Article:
Some benefits and obstacles of multi-family therapy
Multi-family therapy (MFT) is a newer approach for adolescent patients with bulimia nervosa (BN). It differs from the better-known family-based treatment for BN by offering treatment that can include a number of families, rather than one. The families meet weekly, for 20 weeks, with a team of clinicians.
This approach contrasts with that of multi-family therapy for anorexia nervosa (AN), which is far more intense and often involves meeting for 4 or 5 consecutive full days of intervention, which then may be followed by stand-alone days of intervention over several months. In Great Britain, MFT is now recommended for patients with AN; one earlier study showed that offering MFT-AN with family therapy for AN leads to better outcomes than FT-AN alone (BMC Psychiatry. 2016. 16:422).
Researchers at the Maudsley Hospital in London recently invited participants from two multi-family groups at their hospital to share their experiences in a focus group or individual qualitative interviews (J Eat Disord. 2022.10:91).
The multi-family design is based on the single-family model, with a few differences. First, the families are offered weekly sessions. Once established, the groups are closed to new participants. The 90-minute sessions include systemic family therapy, cognitive behavioral therapy, and dialectical behavior therapy. In this study, participants from two consecutive MFT-BN groups were invited to participate. The eligible sample included 7 mothers, 2 fathers, 1 older sibling, and 9 adolescents with diagnoses of BN. Most (15 of the 19) participated. The adolescents who joined the study were between 13 and 17 years of age; 4 had BN, and 2 had atypical BN.
Those taking part in MFT-BN reported it poses definite benefits, but also some obstacles. On the plus side, patients and caregivers alike describe the value of hearing about new perspectives, sharing their own experiences, and learning new skills. The teens and parents/caregivers liked some benefits of the multi-family approach: a reduced sense of isolation, a chance to learn new techniques from each other, gaining improved function and coping skills, and practical skills as well. A final theme was “what remains unspoken.” The parents/caregivers noted that BN symptoms were difficult for their teens to talk about, both with their families and in a group setting. It was challenging for the teens to actively address emotions such as shame, embarrassment, or guilt.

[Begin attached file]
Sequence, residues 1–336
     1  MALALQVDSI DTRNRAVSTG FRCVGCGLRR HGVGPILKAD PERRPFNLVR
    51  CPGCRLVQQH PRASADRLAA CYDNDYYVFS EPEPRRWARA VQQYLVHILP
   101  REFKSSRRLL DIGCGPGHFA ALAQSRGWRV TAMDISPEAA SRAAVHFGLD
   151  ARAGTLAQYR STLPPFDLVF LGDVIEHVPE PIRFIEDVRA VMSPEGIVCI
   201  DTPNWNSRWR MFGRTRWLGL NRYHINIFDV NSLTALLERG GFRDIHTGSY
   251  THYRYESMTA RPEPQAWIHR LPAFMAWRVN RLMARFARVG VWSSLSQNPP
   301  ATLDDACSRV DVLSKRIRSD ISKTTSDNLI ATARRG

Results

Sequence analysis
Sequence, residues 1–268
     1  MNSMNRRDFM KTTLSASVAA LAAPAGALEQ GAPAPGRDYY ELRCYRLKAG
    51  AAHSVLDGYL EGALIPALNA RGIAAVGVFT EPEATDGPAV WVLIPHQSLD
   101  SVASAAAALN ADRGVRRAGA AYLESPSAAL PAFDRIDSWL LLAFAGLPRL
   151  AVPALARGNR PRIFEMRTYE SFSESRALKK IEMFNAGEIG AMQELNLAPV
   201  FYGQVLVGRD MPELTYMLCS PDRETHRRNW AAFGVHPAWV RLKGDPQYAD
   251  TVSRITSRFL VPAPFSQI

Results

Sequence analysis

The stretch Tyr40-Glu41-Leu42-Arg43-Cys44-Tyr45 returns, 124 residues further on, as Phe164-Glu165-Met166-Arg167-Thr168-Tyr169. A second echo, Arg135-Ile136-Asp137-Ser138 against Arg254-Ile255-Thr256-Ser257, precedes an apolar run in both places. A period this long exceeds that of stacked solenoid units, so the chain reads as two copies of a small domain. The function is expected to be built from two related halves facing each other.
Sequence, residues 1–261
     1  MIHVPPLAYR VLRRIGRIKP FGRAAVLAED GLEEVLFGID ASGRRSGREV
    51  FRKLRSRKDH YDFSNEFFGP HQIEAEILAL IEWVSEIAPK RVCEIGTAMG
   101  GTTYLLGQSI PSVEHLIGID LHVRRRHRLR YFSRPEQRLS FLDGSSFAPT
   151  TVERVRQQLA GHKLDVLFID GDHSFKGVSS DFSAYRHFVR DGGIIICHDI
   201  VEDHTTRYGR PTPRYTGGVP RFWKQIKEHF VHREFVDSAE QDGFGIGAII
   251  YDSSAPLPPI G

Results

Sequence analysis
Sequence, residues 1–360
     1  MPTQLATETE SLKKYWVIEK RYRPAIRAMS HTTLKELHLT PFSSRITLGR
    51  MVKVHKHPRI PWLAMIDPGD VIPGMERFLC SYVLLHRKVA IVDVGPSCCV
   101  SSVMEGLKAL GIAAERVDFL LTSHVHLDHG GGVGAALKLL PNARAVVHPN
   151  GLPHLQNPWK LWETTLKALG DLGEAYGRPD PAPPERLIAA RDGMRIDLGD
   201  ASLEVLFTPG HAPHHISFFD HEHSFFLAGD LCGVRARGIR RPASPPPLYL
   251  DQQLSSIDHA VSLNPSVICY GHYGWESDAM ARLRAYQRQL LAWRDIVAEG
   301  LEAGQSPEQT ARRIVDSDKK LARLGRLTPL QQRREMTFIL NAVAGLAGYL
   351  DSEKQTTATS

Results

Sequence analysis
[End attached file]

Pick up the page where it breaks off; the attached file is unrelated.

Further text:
Adolescents had some reservations
The teens were uneasy with sharing unhelpful eating disorder behaviors, especially when other adolescents in the group were at different stages of BN or in recovery. The teens also expressed some direct reservations about MFT-BN. Several felt that the group structure and process sometimes interfered with their ability to express themselves. A balance between openness, confidentiality, and risk was also hard to navigate for some teens. Their worry that parents or clinicians would “overreact” led them to omit certain details and experiences, especially around the subject of “risk.” Several expressed their desire to have more unstructured time during the sessions, mostly time with a peer group, away from the adults. While they felt the structured approach was good, they wanted to share their experiences in a more unstructured way.
The authors stress that further research is needed to explore the experience of MFT-BN and its outcomes across a more diverse range of families and in different treatment settings.